Las Vegas Secondhand Shopping

Neon Cactus Vintage is a queer WOC and Black owned business located on Fremont St. in Downtown Las Vegas! Known for their unique handmade stained glass accessories and vibrant collection of vintage pieces, Neon Cactus offers both in-person and digital shopping experiences for those looking to find the perfect new addition to their closet or their home.

Address: 1028 E Fremont St, Suite 111, Las Vegas, NV 89101
Phone: (702) 550-8855

California Secondhand Shopping

Wasteland is every fashion lover’s dream. Provoking inspiration for designers and trendsetters everywhere, each Wasteland location is a reflection of its unique community. A fresh collection of vintage finds are always on the racks, making Wasteland a must-stop. You can find stores in San Francisco, Los Angeles, Studio City, and Santa Monica.

Address: 7428 Melrose Ave, Los Angeles, CA 90046
Phone: (323) 653-3028

Jet Rag is for the dedicated treasure hunters, unfazed by the idea of spending hours combing through vintage finds. From cowboy boots and evening gowns to jean jackets and bellbottoms, there’s something here for everyone. With incredible prices and the exhilarating $1 Sunday special, this Los Angeles favorite is definitely worth checking out.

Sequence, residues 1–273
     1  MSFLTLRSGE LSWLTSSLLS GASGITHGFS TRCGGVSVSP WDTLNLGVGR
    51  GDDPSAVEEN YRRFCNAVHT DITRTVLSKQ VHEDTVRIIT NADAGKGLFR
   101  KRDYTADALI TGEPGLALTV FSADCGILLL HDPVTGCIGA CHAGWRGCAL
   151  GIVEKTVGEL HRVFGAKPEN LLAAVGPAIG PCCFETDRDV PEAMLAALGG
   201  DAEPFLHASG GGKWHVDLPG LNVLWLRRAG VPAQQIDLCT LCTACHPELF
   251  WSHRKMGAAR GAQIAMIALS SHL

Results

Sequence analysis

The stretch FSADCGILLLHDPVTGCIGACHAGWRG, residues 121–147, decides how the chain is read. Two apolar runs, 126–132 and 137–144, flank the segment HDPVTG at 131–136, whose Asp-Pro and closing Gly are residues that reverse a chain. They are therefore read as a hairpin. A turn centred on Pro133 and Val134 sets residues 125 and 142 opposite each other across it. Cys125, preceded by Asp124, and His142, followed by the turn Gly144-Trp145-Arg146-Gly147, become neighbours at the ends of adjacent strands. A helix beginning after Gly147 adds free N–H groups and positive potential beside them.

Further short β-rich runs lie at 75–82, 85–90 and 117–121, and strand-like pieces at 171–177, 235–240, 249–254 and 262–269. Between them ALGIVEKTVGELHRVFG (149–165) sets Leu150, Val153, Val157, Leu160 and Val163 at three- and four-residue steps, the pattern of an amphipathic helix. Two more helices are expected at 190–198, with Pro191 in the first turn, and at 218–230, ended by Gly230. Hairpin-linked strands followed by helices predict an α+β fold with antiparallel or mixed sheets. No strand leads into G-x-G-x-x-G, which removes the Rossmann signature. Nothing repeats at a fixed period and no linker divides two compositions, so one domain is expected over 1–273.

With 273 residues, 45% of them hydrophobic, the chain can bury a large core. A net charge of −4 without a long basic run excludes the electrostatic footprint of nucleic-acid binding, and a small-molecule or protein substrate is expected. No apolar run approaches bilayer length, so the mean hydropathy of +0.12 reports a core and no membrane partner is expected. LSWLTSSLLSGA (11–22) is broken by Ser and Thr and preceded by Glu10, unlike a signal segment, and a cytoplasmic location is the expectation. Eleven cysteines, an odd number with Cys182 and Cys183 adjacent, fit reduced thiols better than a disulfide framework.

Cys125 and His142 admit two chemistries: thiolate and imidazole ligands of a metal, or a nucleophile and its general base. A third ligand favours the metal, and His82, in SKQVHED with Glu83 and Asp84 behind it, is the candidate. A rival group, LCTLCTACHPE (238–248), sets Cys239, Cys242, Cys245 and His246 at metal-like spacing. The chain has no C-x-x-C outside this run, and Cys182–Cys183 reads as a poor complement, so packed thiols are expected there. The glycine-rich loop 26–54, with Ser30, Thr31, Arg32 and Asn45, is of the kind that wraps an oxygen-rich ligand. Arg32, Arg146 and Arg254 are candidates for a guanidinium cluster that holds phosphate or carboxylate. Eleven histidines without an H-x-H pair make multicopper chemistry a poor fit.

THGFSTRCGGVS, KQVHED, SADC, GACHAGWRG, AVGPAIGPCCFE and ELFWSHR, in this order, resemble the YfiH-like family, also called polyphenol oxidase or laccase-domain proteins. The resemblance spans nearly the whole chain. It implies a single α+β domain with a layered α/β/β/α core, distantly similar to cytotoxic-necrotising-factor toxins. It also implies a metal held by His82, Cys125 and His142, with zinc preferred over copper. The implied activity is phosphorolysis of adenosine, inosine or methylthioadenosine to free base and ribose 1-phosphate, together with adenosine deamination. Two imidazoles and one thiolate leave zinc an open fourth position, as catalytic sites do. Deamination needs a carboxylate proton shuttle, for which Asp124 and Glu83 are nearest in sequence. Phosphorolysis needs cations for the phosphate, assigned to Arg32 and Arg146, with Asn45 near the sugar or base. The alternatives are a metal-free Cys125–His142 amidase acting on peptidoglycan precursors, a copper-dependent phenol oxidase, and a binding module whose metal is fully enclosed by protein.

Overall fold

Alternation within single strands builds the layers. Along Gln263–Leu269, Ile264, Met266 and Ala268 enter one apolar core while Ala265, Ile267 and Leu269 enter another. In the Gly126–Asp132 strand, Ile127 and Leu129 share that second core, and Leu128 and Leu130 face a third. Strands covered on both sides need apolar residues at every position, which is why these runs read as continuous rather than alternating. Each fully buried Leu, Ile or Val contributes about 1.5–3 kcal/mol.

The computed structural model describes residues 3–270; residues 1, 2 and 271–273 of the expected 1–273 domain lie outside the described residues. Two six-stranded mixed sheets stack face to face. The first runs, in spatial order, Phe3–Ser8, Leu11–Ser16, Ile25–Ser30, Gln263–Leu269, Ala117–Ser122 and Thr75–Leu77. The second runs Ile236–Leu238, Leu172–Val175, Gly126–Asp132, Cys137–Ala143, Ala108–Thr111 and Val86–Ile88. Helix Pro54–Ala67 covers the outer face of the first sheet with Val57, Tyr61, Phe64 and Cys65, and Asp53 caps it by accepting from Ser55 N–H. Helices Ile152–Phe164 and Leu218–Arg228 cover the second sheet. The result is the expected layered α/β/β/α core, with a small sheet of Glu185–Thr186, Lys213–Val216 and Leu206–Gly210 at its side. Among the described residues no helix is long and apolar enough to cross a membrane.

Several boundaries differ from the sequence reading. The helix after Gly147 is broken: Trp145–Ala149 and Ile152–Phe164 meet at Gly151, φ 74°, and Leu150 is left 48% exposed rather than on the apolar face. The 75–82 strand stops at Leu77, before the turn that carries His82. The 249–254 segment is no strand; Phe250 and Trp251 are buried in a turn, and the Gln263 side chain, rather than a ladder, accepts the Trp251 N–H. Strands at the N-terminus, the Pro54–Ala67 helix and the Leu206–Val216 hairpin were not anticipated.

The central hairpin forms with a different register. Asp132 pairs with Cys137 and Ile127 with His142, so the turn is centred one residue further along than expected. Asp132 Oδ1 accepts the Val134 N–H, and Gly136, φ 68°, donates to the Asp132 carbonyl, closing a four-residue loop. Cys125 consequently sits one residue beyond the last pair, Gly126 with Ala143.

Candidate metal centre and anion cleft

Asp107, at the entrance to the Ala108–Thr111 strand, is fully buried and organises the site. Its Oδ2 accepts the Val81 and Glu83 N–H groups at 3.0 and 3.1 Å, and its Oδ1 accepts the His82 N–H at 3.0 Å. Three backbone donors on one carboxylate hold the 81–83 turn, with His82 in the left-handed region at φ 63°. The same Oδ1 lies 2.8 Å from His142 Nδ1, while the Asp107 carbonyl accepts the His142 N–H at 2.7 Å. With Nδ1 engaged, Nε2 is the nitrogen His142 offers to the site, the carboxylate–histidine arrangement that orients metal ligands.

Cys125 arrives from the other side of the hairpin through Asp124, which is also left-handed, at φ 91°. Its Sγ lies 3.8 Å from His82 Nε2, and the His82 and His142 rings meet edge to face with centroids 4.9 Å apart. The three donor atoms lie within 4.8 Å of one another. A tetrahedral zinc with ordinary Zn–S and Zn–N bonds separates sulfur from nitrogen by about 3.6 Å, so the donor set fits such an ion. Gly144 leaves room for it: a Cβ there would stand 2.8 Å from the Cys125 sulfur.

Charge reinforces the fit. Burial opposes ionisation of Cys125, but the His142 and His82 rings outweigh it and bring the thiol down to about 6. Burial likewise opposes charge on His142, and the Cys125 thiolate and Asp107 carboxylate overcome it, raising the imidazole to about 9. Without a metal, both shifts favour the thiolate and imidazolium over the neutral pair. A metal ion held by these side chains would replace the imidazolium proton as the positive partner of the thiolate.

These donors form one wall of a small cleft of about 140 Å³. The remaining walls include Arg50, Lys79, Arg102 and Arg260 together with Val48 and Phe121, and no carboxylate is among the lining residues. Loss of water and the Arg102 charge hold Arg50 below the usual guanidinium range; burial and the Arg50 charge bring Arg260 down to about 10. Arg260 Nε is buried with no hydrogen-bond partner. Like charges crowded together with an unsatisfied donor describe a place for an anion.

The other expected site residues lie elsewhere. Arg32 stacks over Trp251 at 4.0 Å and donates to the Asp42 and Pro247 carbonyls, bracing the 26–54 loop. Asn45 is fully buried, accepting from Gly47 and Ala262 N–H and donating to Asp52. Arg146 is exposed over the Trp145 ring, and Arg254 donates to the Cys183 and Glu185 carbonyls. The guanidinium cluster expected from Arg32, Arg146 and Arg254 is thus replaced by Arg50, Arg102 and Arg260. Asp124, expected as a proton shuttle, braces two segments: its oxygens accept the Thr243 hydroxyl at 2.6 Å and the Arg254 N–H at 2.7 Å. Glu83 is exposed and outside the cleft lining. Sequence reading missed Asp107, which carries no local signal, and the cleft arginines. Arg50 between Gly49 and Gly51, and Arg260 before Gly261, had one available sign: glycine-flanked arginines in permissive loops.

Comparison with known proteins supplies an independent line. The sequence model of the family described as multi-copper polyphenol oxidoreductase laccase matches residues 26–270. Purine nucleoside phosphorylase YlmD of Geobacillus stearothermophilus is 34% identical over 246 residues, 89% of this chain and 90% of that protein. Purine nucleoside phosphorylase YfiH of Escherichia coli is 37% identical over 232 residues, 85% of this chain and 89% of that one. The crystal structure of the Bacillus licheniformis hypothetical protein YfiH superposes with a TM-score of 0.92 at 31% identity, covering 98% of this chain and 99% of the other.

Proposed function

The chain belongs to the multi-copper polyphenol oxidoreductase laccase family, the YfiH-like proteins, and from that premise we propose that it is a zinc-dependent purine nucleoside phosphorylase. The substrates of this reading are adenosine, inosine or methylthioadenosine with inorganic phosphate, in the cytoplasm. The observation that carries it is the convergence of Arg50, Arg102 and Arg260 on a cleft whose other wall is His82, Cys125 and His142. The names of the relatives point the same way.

Address: 825 N La Brea Ave, Los Angeles, CA 90038
Phone: (323) 939-0528

At ZOOO, we’re passionate about supporting the community at large! If you’re a business owner in Nevada, California, or Japan and interested in partnering with us, reach out! We can’t wait to learn more about how we can help your business thrive.

Residents of Nevada, California, and Japan can pre-register for our app today! You’ll be the first to know when ZOOO is ready to go live. Get ready for some sweet deals from your favorite local businesses.

Taylor Dodson

Taylor is a Community Manager originally from the Midwestern U.S. She holds a Bachelor’s degree in English, Film, and Creative Writing from Lawrence University, where she served as a four-year starter on the university softball team and took on four different positions in Campus Life while pursuing her double degree. With a deep love for collaboration, Taylor hopes to apply her background in community engagement to the digital world in support of local businesses. When she’s not at work, you can find her playing Animal Crossing or hanging out at her current favorite tea shop.

One comment

Leave a Reply

Your email address will not be published. Required fields are marked *





    Download on the App Store
    Get It On Google Play

    Copyright 2018 – 2022. ZOOO REWARDS. All rights reserved.

    Copyright 2018 – 2022. ZOOO REWARDS. All rights reserved.